Tag Archives: reference manuals for writers

The Author’s Superpower #amwriting

The world around you is filled with ordinary people, each going about their ordinary business, working ordinary jobs. When you meet these accountants, homemakers, engineers, programmers, and baristas, you would never know that among them are a few with a dark secret—they are possessed of dual superpowers.

What incredible feats are they capable of? Unfortunately, unless they are Doctors,  First Responders, Firefighters, or Astronauts, their dual powers are not likely to visibly shake the world.

But their powers do bring change, working subtly, opening minds to possibilities hitherto unconsidered.

They are authors. When no one is looking, they create entire worlds, fill them with people, cultures, political systems, religions, and with each paragraph they write, they start these worlds spinning.

The first superpower is the gift of “what if.” What if” is an ability latent in all sentient creatures, but only storytellers seem able to tap into it at will. This is the author’s first superpower, but it is useless without the second gift.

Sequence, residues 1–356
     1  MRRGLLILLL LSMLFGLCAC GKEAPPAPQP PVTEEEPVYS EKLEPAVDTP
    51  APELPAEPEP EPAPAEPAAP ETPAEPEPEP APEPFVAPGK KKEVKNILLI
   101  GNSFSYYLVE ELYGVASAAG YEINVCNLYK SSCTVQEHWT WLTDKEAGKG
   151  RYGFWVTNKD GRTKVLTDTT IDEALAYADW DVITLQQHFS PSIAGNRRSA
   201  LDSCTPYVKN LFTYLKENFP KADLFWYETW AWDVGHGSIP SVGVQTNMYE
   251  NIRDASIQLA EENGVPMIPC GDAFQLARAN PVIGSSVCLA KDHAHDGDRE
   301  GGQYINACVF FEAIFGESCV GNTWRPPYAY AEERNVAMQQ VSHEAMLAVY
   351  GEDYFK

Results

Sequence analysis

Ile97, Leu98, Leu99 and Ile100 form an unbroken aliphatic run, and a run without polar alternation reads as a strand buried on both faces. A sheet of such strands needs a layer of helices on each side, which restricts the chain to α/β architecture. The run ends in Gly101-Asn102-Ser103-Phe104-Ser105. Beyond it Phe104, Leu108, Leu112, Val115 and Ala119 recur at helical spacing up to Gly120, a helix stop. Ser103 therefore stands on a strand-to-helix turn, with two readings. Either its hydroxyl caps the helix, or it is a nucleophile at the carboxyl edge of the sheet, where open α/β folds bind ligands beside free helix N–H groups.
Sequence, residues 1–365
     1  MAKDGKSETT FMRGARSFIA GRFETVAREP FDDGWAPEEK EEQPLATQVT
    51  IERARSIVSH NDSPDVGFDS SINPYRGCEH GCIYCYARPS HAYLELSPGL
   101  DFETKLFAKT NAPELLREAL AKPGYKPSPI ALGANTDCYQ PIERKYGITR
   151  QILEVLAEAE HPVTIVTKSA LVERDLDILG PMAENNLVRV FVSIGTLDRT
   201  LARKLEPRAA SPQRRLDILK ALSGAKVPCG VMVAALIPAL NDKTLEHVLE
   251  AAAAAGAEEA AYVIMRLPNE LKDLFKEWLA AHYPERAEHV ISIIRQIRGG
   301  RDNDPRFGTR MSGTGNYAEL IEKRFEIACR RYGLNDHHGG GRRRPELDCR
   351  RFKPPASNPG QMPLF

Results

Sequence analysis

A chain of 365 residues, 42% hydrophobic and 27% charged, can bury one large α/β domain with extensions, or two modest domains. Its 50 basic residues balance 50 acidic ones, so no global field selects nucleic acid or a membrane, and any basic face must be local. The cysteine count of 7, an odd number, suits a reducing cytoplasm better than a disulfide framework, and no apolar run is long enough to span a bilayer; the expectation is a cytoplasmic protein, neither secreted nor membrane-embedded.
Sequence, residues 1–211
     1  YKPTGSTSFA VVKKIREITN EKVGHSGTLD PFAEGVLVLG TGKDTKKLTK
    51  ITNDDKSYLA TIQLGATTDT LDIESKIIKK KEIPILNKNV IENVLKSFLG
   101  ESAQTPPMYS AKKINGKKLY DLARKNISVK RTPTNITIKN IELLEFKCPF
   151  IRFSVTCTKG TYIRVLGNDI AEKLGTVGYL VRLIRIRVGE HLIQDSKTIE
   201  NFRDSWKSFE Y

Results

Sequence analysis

A moment of “what if” was the spark that started the fire in Ray Bradbury’s Fahrenheit 451.

What if” started Bilbo Baggins down the road to the Lonely Mountain in The Hobbit.

Many people have that nagging idea, that moment of “what if,” but few also have the other gift, the “power of perseverance.” While many will imagine, and many will begin to write, few will go to the trouble of finishing their book.

Imagination and perseverance are the author’s superpowers.

They are the gifts of the few who have the determination, the will to learn the craft of writing so that their moment of “what if” can become a reader’s moment of “You have to read this book!”

So, you have the imagination, and you believe you might also have the perseverance. You have a book about to burst from you, and you want to get it right. What do you do? Every superpower must be trained, or who knows what havoc you could wreak?

HOW TO TRAIN YOUR SUPERPOWERS:

  1. Write new words every day. Revise old words as needed.
  2. Read books that inspire you.
  3. Read books you hate.
  4. Dissect books to discover what makes them great or awful.
  5. Write new words every day. Revise old words as needed.
  6. Go to writers’ conferences if you can.
  7. Attend writers’ seminars if you can.
  8. Join a local writers’ group.
  9. Buy and read books on the craft of writing.
  10. Write new words every day. Revise old words as needed.

Superheroes must work at training their powers, or they become flabby and useless.

Suggestion 9 is the most affordable of the suggestions.